If they hadn’t been in such a bad situation, Percy’s expression might have made her laugh. “The point is, he’s fast. He can get us out of here. ”

  Frank did not look thrilled. “Three of us can’t fit on one horse, can we? We’ll fall off, or slow him down, or—”

  Arion whinnied again.

  “Ouch,” Percy said. “Frank, the horse says you’re a—you know, actually, I’m not going to translate that. Anyway, he says there’s a chariot in the warehouse, and he’s willing to pull it. ”

  “There!” someone yelled from the back of the throne room. A dozen Amazons charged in, followed by males in orange jumpsuits. When they saw Arion, they backed up quickly and headed for the battle forklifts.

  Hazel vaulted onto Arion’s back.

  She grinned down at her friends. “I remember seeing that chariot. Follow me, guys!”

  She galloped into the larger cavern and scattered a crowd of males. Percy knocked out an Amazon. Frank swept two more off their feet with his spear. Hazel could feel Arion straining to run. He wanted to go full speed, but he needed more room. They had to make it outside.

  Hazel bowled into a patrol of Amazons, who scattered in terror at the sight of the horse. For once, Hazel’s spatha felt exactly the right length. She swung it at everyone who came within reach. No Amazon dared challenge her.

  Percy and Frank ran after her. Finally they reached the chariot. Arion stopped by the yoke, and Percy set to work with the reins and harness.

  “You’ve done this before?” Frank asked.

  Percy didn’t need to answer. His hands flew. In no time the chariot was ready. He jumped aboard and yelled, “Frank, come on! Hazel, go!”

  A battle cry went up behind them. A full army of Amazons stormed into the warehouse. Otrera herself stood astride a battle forklift, her silver hair flowing as she swung her mounted crossbow toward the chariot. “Stop them!” she yelled.

  Hazel spurred Arion. They raced across the cavern, weaving around pallets and forklifts. An arrow whizzed past Hazel’s head. Something exploded behind her, but she didn’t look back.

  “The stairs!” Frank yelled. “No way this horse can pull a chariot up that many flights of—OH MY GODS!”

  Thankfully the stairs were wide enough for the chariot, because Arion didn’t even slow down. He shot up the steps with the chariot rattling and
groaning. Hazel glanced back a few times to make sure Frank and Percy hadn’t fallen off. Their knuckles were white on the sides of the chariot, their teeth chattering like windup Halloween skulls.

  Finally they reached the lobby. Arion crashed through the main doors into the plaza and scattered a bunch of guys in business suits.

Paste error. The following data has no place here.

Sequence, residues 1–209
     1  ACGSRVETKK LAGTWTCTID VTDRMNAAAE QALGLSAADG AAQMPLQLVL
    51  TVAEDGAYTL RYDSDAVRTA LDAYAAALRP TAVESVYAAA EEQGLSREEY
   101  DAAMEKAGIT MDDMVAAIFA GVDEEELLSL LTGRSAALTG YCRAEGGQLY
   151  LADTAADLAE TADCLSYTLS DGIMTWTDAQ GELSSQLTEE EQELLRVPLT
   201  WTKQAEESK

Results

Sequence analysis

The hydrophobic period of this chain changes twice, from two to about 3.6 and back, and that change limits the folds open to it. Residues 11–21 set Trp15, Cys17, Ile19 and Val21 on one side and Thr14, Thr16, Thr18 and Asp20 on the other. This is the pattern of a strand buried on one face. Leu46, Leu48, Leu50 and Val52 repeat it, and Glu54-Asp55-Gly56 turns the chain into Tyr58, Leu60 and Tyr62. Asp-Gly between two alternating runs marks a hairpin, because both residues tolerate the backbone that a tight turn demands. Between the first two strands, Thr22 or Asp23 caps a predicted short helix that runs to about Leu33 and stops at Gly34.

Hazel felt the tension in Arion’s rib cage. The fresh air was making him crazy to run, but Hazel pulled back on his reins.

  “Ella!” Hazel shouted at the sky. “Where are you? We have to leave!”

  For a horrible second, she was afraid the harpy might be too far away to hear. She might be lost, or captured by the Amazons.

  Behind them a battle forklift clattered up the stairs and roared through the lobby, a mob of Amazons behind it.

  “Surrender!” Otrera screamed.

  The forklift raised its razor-sharp tines.

  “Ella!” Hazel cried desperately.

  In a flash of red feathers, Ella landed in the chariot. “Ella is here. Amazons are pointy. Go now. ”

  “Hold on!” Hazel warned. She leaned forward and said, “Arion, run!”

  The world seemed to elongate. Sunlight bent around them. Arion shot away from the Amazons and sped through downtown Seattle. Hazel glanced back and saw a line of smoking pavement where Arion’s hooves had touched the ground. He thundered toward the docks, leaping over cars, barreling through intersections.

  Hazel screamed at the top of her lungs, but it was a scream of delight. For the first time in her life—in her two lives—she felt absolutely unstoppable. Arion reached the water and leaped straight off the docks.

  Hazel’s ears popped. She heard a roar that she later realized was a sonic boom, and Arion tore over Puget Sound, seawater turning to steam in his wake as the skyline of Seattle receded behind them.

  XXXIII Frank

  FRANK WAS RELIEVED WHEN THE WHEELS FELL OFF.

  He’d already thrown up twice from the back of the chariot, which was not fun at the speed of sound. The horse seemed to bend time and space as he ran, blurring the landscape and making Frank feel like he’d just drunk a gallon of whole milk without his lactose-intolerance medicine. Ella didn’t help matters. She kept muttering: “Seven hundred and fifty miles per hour. Eight hundred. Eight hundred and three. Fast. Very fast. ”

  The horse sped north across Puget Sound, zooming past islands and fishing boats and very surprised pods of whales. The landscape ahead began to look familiar—Crescent Beach, Boundary Bay. Frank had gone sailing here once on a school trip. They’d crossed into Canada.

  The horse rocketed onto dry land. He followed Highway 99 north, running so fast, the cars seemed to be standing still.

  Finally, just as they were getting into Vancouver, the chariot wheels began to smoke.

  “Hazel!” Frank yelled. “We’re breaking up!”

  She got the message and pulled the reins. The horse didn’t seem happy about it, but he slowed to subsonic as they zipped through the city streets. They crossed the Ironworkers bridge into North Vancouver, and the chariot started to rattle dangerously. At last Arion stopped at the top of a wooded hill. He snorted with satisfaction, as if to say, That’s how we run, fools. The smoking chariot collapsed, spilling Percy, Frank, and Ella onto the wet, mossy ground.